Background: Local taxes in Japan
Like many other countries in the world, residents of Japan pay taxes on their income at three levels: national, prefectural, and local. In the US this equates to paying federal, state, and city income taxes (14 states have places with city income taxes).
Ordinarily, the local tax is fairly simple -- you simply pay it to your local government of wherever you live. But if you've read any non-booze Japan news in the past few years, you've already heard that the population in Japan's countryside and small towns is rapidly declining. The average age of the population is also increasing.
For many towns outside of Tokyo, this has created a harsh downward spiral: they lose tax revenues because people are leaving, and the people that do stay simply get older (i.e. they have no income to tax). Lower tax revenues mean cities have to cut back on public services, driving yet more people leave. Japan's national demographic crisis is no secret, you hear about it in basically any article talking about economics in Japan. But what many people may not know is that its effects are already very real, and already being felt outside of Tokyo.
Enter the Furusato Nozei
What if there was a way for those local governments to collect revenue without raising local taxes, yet facing a declining population? They would jump at the chance.
Furusato Nozei is the "Hometown tax," and it's a system launched in 2008 that enables residents of Japan (Japanese citizens or not) to make tax-deductible donations to towns of their choosing. If you currently pay Minato-ku in Tokyo 60,000 yen in local tax, for example, you can elect to instead pay 50,000 yen to a town in the countryside, and only 10,000 yen to Minato-ku. You're still out 60,000 yen either way, but at least it's going to the place you choose.
Things could have stopped there. Some people in Tokyo would take advantage of the system, only because of the emotional benefits. They would sleep better at night knowing they helped out a local town they have some attachment to, rather than shelling out yet more money to Big Whatever-ku.
Bring on the gifts
But things didn't stop there. At some point, the small towns began sending thank-you gifts in return for donations. Competitive for revenue, those small towns of course began offering increasingly attractive thank-you gifts. At some point, the Furusato Nozei system became less about making donations to small-town Japan, and more about getting thank-you gifts effectively for free.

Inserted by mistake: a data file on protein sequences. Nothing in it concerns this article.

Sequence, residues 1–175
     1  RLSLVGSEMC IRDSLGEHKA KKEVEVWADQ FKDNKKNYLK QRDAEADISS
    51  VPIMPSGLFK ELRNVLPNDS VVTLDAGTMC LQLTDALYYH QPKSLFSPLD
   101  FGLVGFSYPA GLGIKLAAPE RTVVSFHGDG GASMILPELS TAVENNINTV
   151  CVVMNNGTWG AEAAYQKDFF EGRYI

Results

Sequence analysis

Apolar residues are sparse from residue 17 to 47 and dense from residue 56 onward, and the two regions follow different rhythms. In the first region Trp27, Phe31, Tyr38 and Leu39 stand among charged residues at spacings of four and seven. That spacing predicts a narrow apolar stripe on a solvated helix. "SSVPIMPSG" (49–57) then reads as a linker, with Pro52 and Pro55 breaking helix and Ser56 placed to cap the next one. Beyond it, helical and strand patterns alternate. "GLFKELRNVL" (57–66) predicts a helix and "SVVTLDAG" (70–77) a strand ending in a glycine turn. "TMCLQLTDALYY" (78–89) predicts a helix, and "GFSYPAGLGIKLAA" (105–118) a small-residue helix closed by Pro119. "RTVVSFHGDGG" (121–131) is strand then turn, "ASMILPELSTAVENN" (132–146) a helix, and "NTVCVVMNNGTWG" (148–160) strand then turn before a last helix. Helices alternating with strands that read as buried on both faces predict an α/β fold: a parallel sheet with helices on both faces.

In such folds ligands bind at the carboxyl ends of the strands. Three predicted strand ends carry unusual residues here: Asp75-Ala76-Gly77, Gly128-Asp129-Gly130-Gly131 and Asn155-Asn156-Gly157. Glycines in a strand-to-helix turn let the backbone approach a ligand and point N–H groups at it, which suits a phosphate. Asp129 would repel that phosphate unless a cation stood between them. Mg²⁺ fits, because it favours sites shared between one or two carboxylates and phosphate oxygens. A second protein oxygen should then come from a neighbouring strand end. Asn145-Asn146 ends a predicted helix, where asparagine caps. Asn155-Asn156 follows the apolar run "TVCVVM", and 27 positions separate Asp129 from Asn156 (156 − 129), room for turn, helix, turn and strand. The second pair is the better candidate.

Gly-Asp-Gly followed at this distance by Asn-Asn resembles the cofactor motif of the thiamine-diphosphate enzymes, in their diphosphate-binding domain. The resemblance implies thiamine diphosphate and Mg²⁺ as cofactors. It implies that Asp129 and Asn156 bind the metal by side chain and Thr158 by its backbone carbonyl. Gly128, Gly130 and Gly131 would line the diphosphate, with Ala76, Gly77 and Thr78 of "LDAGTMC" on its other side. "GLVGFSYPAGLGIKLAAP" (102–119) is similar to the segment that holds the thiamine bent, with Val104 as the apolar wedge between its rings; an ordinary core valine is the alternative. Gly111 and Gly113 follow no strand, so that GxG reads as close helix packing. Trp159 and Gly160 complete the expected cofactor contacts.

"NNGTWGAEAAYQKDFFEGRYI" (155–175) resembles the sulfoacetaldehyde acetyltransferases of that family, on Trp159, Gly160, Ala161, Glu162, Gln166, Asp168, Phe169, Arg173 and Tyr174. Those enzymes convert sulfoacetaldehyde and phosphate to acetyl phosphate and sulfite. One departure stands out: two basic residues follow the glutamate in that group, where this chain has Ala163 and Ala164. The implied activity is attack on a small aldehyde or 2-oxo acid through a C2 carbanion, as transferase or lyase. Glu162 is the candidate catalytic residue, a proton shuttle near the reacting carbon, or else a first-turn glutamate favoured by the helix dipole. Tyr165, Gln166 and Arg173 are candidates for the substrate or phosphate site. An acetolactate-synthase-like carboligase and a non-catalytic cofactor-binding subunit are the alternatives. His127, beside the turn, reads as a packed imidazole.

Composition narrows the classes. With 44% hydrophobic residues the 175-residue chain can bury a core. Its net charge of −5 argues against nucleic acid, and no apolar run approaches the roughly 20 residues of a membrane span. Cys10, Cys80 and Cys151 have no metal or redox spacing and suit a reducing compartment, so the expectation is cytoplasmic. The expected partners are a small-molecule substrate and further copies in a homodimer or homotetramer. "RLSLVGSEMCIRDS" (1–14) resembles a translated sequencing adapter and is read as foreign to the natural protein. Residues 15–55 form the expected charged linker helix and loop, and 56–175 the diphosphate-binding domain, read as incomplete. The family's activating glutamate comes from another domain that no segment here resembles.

Tax-deductible ryokan stays, meat, rice, resort tickets, shopping coupons. Even iPads. But our interest is in gifts that contain alcohol. And actually, tons of them do!
Getting your "free" booze
How can you make such a donation? Japan's biggest website for Furusato Nozei donations is Furusato Choice. Though available only in Japanese, it has a staggering catalog of some 13,228 alcohol-related thank-you gifts listed. Just paging through it, you'll find many of the liquors we've posted about here on nomunication.jp in the past: Wa Bi Gin from Minami Satsuma city (home to the Mars Tsunuki Distillery). Fuji Sanroku Signature Blend from Yamanashi prefecture's Fujikawa-cho, 27 year old faux Japanese whisky Tottori, 963 from Fukushima's Koriyama (home to the Asaka Distillery), Single Malt Akashi from Akashi, Chita from Chita, and plenty more.
The prices may seem high, but that's because they're not prices. They instead minimum donations. If you're wondering how much you can donate and also deduct from your current taxes, remember it's income-based, so you can use this handy calculator on the site. It supports both withholding tax users (people that work for some company) and self-filing users (self-employed). Also note that there's a 2000 yen deductible you will need to pay.
Foreign residents that don't read Japanese or know anyone who can help can visit Furumaru's English site. Their catalog, however, is much smaller than that of Furusato Choice.
It's also worth noting that Furusato Nozei also allows a "One Stop" system, where the municipality you're donating to handles all of the required tax paperwork on your behalf. Though you'll need to sign a form for each town you donate to, it's still drastically easier than actually filing taxes yourself.
For further reading, Tokyo Weekender also has a (probably better) explanation of the Furusato Nozei system here in English.
The biggest loser: Tokyo
The Furusato Nozei system is a win for small town governments and people making donations who get free stuff. But because all of those donations are tax-deductible from local taxes, it means that Japan's big cities lose out. Tokyo estimates that the city's districts will be down around 130 billion yen in revenue as a result of this system for the 2018 tax year. For a city that's expected to host the 2020 Olympics, a billion dollars is a big deal.
Japan's Ministry of Internal Affairs and Communications requested that towns keep the value of thank-you gifts to 30% or less of the amount donated. And while most towns have complied, some haven't: a recent survey by Asahi Shimbun revealed that some 246 towns are over this figure. And of those, 174 towns apparently have no intention of complying as the request has no legal teeth.
So while the system isn't without controversy, it's still a great way for residents of Japan to get some bottles for effectively no additional outlay.